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It is not hyperbole to say that this year’s annual meeting of the UN Framework Convention on Climate Change (UNFCCC) is make or break. After the high-profile failures of Copenhagen and Warsaw, the Paris conference is realistically the last chance to show the UN can lead the fight against dangerous climate change.
Success could see a meaningful change in this planet’s emissions trajectory. Failure could resign the UN body to the history books as a doomed annual event of the “frequent flyers club” — an unflattering label I heard on conference sidelines, referring to the high emissions caused by the large amount of international travel racked up by its attendants.
Negotiations in Bonn, Germany, in October produced a menu for world leaders to choose from over the next two weeks. It is a text notable for its almost complete lack of concrete decisions — heavily bracketed paragraphs appear more like multiple choice exam questions than coherent strategy.
Any successful treaty will be judged by the reduction of greenhouse gas emissions that it demands.
While this could reflect the failure of negotiators to find common ground, there is a flip side. With everything still on the table, it shows that parties want to negotiate — a desire not always evident during previous Conference of the Parties (COP) meetings. A last-minute compromise to get the unilateral agreement needed can still be achieved.
Any successful treaty will be judged by the reduction of greenhouse gas emissions that it demands. Current voluntary pledges on the table from 183 countries that have submitted plans to cut emissions still fall way short of preventing a two degree Celsius rise. But add to this possible reductions from local authorities and the private sector, and that golden figure draws closer.
But should poor countries be asked to reduce emissions as much as their richer counterparts? It is a thorny issue on which negotiations have consistently run aground and one on which both sides seem unwilling to yield. One suggestion in the text provides a middle ground by making developing countries’ pledges conditional on receiving the necessary financial and technological support to do so.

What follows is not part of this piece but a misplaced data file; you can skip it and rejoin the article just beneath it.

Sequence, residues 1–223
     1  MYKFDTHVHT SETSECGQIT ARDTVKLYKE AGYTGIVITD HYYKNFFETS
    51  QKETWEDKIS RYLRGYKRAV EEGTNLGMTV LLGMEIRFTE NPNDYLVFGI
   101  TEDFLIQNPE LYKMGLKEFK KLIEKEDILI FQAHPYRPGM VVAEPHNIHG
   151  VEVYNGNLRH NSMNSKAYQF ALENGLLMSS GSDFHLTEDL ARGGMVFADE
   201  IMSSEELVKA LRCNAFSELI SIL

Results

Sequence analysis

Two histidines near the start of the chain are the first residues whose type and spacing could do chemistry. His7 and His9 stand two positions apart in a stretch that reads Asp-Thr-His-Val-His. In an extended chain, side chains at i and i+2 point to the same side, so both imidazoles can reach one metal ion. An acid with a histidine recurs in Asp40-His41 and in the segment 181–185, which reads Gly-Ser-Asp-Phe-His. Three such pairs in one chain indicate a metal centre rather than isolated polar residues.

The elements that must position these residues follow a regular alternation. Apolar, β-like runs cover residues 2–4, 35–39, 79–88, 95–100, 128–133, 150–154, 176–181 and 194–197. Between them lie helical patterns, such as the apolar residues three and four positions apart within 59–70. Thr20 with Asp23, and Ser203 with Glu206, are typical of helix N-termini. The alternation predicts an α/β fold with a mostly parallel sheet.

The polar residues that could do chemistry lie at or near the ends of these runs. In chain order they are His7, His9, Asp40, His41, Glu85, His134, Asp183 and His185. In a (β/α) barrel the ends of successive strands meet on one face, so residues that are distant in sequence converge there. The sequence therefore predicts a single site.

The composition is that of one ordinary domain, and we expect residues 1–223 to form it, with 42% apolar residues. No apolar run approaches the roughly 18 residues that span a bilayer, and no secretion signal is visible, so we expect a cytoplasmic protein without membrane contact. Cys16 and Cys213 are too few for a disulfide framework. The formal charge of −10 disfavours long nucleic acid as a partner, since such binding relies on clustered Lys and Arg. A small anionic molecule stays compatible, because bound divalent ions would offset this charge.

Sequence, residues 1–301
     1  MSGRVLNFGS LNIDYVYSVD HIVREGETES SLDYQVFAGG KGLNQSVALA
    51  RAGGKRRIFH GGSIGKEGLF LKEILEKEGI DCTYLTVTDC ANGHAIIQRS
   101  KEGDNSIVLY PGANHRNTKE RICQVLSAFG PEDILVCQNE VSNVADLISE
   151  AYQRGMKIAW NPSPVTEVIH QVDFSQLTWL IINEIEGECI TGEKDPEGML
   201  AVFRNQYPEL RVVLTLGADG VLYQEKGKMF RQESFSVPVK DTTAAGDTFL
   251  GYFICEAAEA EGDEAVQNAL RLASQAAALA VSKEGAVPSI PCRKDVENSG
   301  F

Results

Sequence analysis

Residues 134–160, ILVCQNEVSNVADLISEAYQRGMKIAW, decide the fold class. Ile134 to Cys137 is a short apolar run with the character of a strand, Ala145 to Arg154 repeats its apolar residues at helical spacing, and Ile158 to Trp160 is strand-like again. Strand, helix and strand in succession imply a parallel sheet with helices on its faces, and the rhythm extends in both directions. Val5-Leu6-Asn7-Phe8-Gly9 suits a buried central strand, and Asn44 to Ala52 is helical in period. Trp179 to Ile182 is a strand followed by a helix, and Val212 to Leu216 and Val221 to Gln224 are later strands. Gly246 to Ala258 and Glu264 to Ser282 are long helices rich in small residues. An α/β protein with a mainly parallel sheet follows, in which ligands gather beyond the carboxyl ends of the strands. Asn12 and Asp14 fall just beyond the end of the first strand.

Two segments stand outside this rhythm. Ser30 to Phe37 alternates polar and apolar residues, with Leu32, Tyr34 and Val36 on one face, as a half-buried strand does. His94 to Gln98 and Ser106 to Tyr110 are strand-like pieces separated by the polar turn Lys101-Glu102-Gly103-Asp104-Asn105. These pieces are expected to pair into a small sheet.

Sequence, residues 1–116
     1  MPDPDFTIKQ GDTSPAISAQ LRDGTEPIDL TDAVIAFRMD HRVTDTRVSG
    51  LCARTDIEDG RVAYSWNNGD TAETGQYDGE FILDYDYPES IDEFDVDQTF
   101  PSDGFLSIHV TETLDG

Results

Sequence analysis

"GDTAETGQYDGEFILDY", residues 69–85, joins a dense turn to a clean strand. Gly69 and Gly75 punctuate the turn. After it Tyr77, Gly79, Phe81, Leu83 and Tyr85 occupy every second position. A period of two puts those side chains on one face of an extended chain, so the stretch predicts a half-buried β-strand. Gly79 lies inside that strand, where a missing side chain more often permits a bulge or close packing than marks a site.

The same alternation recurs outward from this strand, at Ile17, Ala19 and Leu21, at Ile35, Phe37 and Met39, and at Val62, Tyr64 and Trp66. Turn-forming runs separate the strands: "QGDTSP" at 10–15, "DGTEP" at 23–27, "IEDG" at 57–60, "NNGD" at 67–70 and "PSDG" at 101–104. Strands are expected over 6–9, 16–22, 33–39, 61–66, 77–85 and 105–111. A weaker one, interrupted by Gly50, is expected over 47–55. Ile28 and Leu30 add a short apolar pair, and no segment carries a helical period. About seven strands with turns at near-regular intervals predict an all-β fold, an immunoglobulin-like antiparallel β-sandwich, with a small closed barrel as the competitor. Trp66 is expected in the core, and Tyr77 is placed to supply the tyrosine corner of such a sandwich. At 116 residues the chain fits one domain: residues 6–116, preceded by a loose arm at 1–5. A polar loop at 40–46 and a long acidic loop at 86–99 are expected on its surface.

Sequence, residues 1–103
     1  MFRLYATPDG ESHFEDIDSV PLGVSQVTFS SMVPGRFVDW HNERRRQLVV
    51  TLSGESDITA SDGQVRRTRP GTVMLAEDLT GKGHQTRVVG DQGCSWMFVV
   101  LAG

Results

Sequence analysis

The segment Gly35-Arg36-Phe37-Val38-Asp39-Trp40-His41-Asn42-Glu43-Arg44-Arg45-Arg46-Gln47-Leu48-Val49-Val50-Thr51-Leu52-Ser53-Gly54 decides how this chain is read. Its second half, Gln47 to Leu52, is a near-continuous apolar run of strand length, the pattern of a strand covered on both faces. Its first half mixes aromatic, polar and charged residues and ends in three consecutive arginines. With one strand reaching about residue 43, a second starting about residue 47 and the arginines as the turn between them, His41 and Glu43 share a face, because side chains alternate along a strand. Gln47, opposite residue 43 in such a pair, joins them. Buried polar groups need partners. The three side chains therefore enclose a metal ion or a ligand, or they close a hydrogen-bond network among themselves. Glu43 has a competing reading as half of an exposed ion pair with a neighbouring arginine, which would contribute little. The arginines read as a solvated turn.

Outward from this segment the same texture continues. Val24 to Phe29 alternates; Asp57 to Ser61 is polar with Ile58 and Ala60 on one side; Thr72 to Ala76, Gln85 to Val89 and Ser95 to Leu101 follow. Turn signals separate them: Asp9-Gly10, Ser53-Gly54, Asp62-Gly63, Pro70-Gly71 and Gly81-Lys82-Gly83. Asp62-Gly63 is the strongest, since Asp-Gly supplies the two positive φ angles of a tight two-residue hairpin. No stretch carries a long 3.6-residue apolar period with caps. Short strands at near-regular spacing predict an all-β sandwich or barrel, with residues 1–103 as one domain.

This could include tech transfer and capacity building, both of which have whole sections of the draft text dedicated to them. This is an implicit nod to the role research and technology will play in any successful transition to a more sustainable world. The announcement yesterday of 20 major economies promising to double their R&D spending to improve access to clean energy adds further proof of this focus.
Who will pay for what is another sticking point. In Copenhagen in 2009, nations pledged US$100 billion by 2020 to help developing countries adapt to climate change. The problem is, nothing is in place to extend the life of this fund beyond this date.
Then there is the problem that the countries most likely to be affected by climate change-related disasters are also the poorest. Rich nations are unlikely to go along with the idea of committing to paying for loss and damage outside their borders. But with developing world leaders such as Niger’s president, Mahamadou Issoufou, adamant that they will vote against an agreement unless sufficient money is put on the table, clearly one side will have to give.
But the feeling that something can be achieved this time round is underlined by the unusual step of world leaders gathering at the beginning of this COP rather than at the end. The Copenhagen event was crippled by delegations reaching an impasse that only discussion at the highest level could solve. This time round, heads of states will set out their desires early — leaving it up to negotiators to achieve them.
COP 21 will not be defined by political grandstanding. It will live and die by the strength of the agreement put down on paper. Now, with the eyes of the world on Paris, can the UNFCCC prove it is fit for purpose?